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1.  Epidermolysis Bullosa Simplex-Type Mutations Alter the Dynamics of the Keratin Cytoskeleton and Reveal a Contribution of Actin to the Transport of Keratin SubunitsD⃞V⃞ 
Molecular Biology of the Cell  2004;15(3):990-1002.
Dominant keratin mutations cause epidermolysis bullosa simplex by transforming keratin (K) filaments into aggregates. As a first step toward understanding the properties of mutant keratins in vivo, we stably transfected epithelial cells with an enhanced yellow fluorescent protein-tagged K14R125C mutant. K14R125C became localized as aggregates in the cell periphery and incorporated into perinuclear keratin filaments. Unexpectedly, keratin aggregates were in dynamic equilibrium with soluble subunits at a half-life time of <15 min, whereas filaments were extremely static. Therefore, this dominant-negative mutation acts by altering cytoskeletal dynamics and solubility. Unlike previously postulated, the dominance of mutations is limited and strictly depends on the ratio of mutant to wild-type protein. In support, K14R125C-specific RNA interference experiments resulted in a rapid disintegration of aggregates and restored normal filaments. Most importantly, live cell inhibitor studies revealed that the granules are transported from the cell periphery inwards in an actin-, but not microtubule-based manner. The peripheral granule zone may define a region in which keratin precursors are incorporated into existing filaments. Collectively, our data have uncovered the transient nature of keratin aggregates in cells and offer a rationale for the treatment of epidermolysis bullosa simplex by using short interfering RNAs.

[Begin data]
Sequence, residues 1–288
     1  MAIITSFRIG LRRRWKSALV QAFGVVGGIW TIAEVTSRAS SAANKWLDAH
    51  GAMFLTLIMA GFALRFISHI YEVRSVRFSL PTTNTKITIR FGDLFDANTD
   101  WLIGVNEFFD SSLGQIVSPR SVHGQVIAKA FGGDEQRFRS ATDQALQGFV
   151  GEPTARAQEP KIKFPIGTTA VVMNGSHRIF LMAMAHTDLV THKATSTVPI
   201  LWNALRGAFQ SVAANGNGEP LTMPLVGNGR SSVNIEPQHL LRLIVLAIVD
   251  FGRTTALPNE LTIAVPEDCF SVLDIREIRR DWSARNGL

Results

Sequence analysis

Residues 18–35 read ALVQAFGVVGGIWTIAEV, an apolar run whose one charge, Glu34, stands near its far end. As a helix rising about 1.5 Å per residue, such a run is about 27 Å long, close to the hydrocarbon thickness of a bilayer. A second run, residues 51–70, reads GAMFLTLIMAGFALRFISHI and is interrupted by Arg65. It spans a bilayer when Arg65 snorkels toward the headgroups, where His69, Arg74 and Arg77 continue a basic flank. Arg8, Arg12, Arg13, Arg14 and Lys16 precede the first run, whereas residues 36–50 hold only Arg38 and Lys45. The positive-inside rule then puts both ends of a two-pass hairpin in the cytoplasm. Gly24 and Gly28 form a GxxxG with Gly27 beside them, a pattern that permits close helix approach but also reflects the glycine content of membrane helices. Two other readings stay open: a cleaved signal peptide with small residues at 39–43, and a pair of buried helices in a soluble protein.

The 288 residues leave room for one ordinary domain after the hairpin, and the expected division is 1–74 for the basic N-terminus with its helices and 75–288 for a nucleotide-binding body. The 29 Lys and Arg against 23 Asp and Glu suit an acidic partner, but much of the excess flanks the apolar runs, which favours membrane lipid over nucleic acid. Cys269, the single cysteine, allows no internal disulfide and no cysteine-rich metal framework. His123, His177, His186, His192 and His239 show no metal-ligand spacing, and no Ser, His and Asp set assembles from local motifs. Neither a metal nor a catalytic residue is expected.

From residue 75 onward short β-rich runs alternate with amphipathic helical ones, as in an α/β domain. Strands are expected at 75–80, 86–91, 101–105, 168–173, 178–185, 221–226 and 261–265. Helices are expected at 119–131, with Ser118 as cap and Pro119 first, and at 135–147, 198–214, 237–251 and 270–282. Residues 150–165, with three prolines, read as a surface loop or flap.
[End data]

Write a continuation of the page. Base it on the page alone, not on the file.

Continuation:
doi:10.1091/mbc.E03-09-0687
PMCID: PMC363056  PMID: 14668478

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